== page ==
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Sixteen-year-old emoji .com sells for €3,400

Kevin Murphy, June 1, 2017, 08:42:12 (UTC), Domain Sales

An emoji domain name believed to be in the first three such domains ever registered has been sold.
The domain ☮.com ( seems to to have been sold to an end-user buyer, via Sedo, for €3,400 ($3,816). The sale appears to have been a quick flip by an Austrian investor.
☮ is of course better known as a symbol representing peace, most associated with campaigns for nuclear disarmament.
The name now redirects to, an “educational resource for Sun Tzu’s The Art of War”. The owner explains:

As students of Sun Tzu, we understand the objective of understanding warfare is peace. Even when we are forced to do battle, we want to end it quickly. If possible, it is best to prevent fighting altogether. There are few symbols that represent peace and are as recognizable as ☮.

According to research carried out by domain investor Michael Cyger, ☮.com is one of the three oldest emoji domains, after a “hot spring” symbol in .com and .net, all having been registered April 19, 2001.
It’s not a knock-your-socks-off price, given the scarcity of emoji domains and the age of the registration, but it seems to show there are buyers out there.
Emoji domains were recently discouraged by ICANN’s security committee due to the potential for security risks, and are currently effectively banned in new gTLDs.

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Comments (13)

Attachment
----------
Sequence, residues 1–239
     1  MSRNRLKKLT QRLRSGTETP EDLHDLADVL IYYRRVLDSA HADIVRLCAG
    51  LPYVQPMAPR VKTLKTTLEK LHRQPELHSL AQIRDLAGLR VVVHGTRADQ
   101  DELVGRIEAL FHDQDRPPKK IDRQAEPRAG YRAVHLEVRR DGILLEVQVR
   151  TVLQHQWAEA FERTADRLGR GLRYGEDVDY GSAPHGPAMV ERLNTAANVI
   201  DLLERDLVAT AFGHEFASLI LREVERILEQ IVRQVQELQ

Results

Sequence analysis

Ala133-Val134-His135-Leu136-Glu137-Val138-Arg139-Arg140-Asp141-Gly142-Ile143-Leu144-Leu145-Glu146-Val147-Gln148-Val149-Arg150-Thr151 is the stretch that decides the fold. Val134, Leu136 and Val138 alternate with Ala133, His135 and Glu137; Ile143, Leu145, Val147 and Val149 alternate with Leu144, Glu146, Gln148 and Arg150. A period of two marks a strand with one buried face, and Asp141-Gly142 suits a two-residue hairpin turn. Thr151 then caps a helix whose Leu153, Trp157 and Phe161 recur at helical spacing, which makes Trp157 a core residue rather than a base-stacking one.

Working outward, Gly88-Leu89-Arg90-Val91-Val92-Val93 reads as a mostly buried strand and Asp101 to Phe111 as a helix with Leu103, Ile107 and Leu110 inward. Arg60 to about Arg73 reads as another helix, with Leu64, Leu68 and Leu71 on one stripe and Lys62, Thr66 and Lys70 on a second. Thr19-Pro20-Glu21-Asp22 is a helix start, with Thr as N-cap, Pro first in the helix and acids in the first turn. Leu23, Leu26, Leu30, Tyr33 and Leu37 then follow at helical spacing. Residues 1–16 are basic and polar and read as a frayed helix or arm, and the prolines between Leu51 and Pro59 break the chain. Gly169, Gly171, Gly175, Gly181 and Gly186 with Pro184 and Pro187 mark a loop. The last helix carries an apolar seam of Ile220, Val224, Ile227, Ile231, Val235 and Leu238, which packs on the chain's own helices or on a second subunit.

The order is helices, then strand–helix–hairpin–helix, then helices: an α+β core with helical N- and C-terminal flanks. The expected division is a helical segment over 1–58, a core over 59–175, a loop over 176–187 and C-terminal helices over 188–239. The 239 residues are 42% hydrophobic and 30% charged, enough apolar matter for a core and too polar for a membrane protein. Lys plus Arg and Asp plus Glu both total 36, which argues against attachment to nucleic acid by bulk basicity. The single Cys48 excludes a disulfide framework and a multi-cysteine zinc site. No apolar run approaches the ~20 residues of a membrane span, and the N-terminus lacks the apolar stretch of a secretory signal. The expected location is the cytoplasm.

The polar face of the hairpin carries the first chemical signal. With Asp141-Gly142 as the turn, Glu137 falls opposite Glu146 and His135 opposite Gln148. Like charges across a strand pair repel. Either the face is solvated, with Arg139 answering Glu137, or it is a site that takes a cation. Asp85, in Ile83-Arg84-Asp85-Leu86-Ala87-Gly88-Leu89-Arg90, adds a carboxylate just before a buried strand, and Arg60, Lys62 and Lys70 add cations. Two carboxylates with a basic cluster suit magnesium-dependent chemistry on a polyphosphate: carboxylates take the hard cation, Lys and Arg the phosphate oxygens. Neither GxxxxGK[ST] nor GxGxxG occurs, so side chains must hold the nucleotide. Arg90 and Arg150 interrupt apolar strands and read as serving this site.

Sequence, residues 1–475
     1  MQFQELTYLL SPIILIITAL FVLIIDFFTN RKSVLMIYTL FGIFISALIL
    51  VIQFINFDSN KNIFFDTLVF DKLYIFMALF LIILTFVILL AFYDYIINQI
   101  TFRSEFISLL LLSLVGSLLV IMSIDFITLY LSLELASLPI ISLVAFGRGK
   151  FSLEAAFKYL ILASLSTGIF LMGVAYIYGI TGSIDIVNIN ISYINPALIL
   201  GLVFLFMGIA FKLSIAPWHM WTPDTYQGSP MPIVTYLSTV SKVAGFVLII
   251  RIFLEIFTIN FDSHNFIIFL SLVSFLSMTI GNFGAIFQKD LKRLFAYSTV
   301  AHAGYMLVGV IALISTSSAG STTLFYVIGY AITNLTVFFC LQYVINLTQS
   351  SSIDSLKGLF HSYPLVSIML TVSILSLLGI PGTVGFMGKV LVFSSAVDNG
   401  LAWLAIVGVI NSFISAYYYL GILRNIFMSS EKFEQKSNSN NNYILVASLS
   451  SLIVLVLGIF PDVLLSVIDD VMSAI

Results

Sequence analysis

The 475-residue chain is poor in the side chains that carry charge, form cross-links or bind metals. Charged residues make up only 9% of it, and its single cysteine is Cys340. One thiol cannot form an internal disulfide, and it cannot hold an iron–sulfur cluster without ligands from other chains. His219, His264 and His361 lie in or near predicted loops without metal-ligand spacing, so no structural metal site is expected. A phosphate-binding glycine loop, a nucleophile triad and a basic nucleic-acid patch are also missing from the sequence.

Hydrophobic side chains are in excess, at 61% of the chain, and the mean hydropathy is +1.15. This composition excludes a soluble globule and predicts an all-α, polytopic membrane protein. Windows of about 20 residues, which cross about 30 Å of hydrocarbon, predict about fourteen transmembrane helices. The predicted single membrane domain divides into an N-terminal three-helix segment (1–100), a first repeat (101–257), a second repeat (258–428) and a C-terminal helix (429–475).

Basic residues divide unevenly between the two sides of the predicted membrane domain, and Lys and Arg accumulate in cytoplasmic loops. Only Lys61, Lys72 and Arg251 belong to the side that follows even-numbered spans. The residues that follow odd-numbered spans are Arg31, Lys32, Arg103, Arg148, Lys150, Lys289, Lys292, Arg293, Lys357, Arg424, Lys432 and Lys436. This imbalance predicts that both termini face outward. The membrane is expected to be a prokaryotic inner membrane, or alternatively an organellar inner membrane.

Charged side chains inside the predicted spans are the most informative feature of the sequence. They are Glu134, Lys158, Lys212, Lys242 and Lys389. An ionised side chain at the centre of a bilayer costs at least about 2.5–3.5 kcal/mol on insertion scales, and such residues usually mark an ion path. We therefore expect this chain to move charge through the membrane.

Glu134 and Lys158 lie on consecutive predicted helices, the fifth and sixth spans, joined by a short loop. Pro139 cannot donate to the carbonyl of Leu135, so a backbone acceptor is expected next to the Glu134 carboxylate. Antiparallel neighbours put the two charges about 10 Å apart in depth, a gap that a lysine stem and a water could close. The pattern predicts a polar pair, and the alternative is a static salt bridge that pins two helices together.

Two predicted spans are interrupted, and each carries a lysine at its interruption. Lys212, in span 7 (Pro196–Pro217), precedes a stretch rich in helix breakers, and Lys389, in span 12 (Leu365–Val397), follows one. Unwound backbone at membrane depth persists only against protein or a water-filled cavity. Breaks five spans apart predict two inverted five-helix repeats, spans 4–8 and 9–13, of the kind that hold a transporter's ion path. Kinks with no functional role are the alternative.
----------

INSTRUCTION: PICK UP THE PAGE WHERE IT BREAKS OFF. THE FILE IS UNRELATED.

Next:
1. That’s a bizarre “update”, and it appears to be incorrect. Why would Verisign falsify the WHOIS records? The authoritative registry WHOIS at:
    shows the April 19, 2001 creation date.
    The old DomainTools WHOIS records from 2004 indicate:
    Domain created: 2001-04-20.
    Domain last updated: 2004-11-12.
    Domain expires: 2006-06-19.
    (2001-04-20 vs 04-19 difference might be due to time zone issues)
    More importantly, the WHOIS on that date clearly said ” No name servers for this domain.”
    So, it’s clear what happened. While they “checked against a .com zone file”, it’s clear they didn’t check against all registered domain names, because a registered domain name with no nameservers (like this one) wouldn’t have appeared in the zone file.
    So, this domain name slipped through the cracks.

    • Kevin Murphy says:

      What’s your hypothesis on why this name and the other two with April 19 2001 creation dates were registered, given that the registrants could not have known their future meaning? Just a coincidence?

      • Either purely a coincidence, or someone registered all possible combinations of prefixes. If it was the latter, it doesn’t look like a winning strategy (i.e. 676 x $10 x 2 years worth of registrations/renewal to get to March 2003, is more than the current value of the single domain name).

        • Kevin Murphy says:

          Probably even more combinations, given that Punycode wasn’t finished until 2003 either.
          You think that’s more plausible than an incorrect Whois record?